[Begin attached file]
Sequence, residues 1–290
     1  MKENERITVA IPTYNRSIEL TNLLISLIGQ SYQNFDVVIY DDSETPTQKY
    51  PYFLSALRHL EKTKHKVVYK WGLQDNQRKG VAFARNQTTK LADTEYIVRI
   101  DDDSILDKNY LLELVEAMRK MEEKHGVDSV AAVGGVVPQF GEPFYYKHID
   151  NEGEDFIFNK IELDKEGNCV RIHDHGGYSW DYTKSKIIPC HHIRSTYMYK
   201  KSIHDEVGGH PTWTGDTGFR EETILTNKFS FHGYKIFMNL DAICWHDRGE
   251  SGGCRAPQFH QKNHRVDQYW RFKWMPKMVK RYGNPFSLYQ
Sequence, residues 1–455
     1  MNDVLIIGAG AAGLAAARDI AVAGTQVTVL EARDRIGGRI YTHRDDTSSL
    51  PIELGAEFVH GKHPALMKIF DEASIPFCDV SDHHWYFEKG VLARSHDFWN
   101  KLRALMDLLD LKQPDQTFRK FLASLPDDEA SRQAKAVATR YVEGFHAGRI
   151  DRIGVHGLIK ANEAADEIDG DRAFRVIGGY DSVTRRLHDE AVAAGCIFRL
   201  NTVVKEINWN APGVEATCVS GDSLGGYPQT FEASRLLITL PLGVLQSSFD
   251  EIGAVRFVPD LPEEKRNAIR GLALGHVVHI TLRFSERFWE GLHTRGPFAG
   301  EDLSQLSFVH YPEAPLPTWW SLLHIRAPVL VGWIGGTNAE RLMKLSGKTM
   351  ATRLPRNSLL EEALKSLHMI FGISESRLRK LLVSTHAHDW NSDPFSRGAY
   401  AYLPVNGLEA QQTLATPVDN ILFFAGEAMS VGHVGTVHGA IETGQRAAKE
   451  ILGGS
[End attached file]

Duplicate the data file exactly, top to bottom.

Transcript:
Sequence, residues 1–290
     1  MKENERITVA IPTYNRSIEL TNLLISLIGQ SYQNFDVVIY DDSETPTQKY
    51  PYFLSALRHL EKTKHKVVYK WGLQDNQRKG VAFARNQTTK LADTEYIVRI
   101  DDDSILDKNY LLELVEAMRK MEEKHGVDSV AAVGGVVPQF GEPFYYKHID
   151  NEGEDFIFNK IELDKEGNCV RIHDHGGYSW DYTKSKIIPC HHIRSTYMYK
   201  KSIHDEVGGH PTWTGDTGFR EETILTNKFS FHGYKIFMNL DAICWHDRGE
   251  SGGCRAPQFH QKNHRVDQYW RFKWMPKMVK RYGNPFSLYQ
Sequence, residues 1–455
     1  MNDVLIIGAG AAGLAAARDI AVAGTQVTVL EARDRIGGRI YTHRDDTSSL
    51  PIELGAEFVH GKHPALMKIF DEASIPFCDV SDHHWYFEKG VLARSHDFWN
   101  KLRALMDLLD LKQPDQTFRK FLASLPDDEA SRQAKAVATR YVEGFHAGRI
   151  DRIGVHGLIK ANEAADEIDG DRAFRVIGGY DSVTRRLHDE AVAAGCIFRL
   201  NTVVKEINWN APGVEATCVS GDSLGGYPQT FEASRLLITL PLGVLQSSFD
   251  EIGAVRFVPD LPEEKRNAIR GLALGHVVHI TLRFSERFWE GLHTRGPFAG
   301  EDLSQLSFVH YPEAPLPTWW SLLHIRAPVL VGWIGGTNAE RLMKLSGKTM
   351  ATRLPRNSLL EEALKSLHMI FGISESRLRK LLVSTHAHDW NSDPFSRGAY
   401  AYLPVNGLEA QQTLATPVDN ILFFAGEAMS VGHVGTVHGA IETGQRAAKE
   451  ILGGS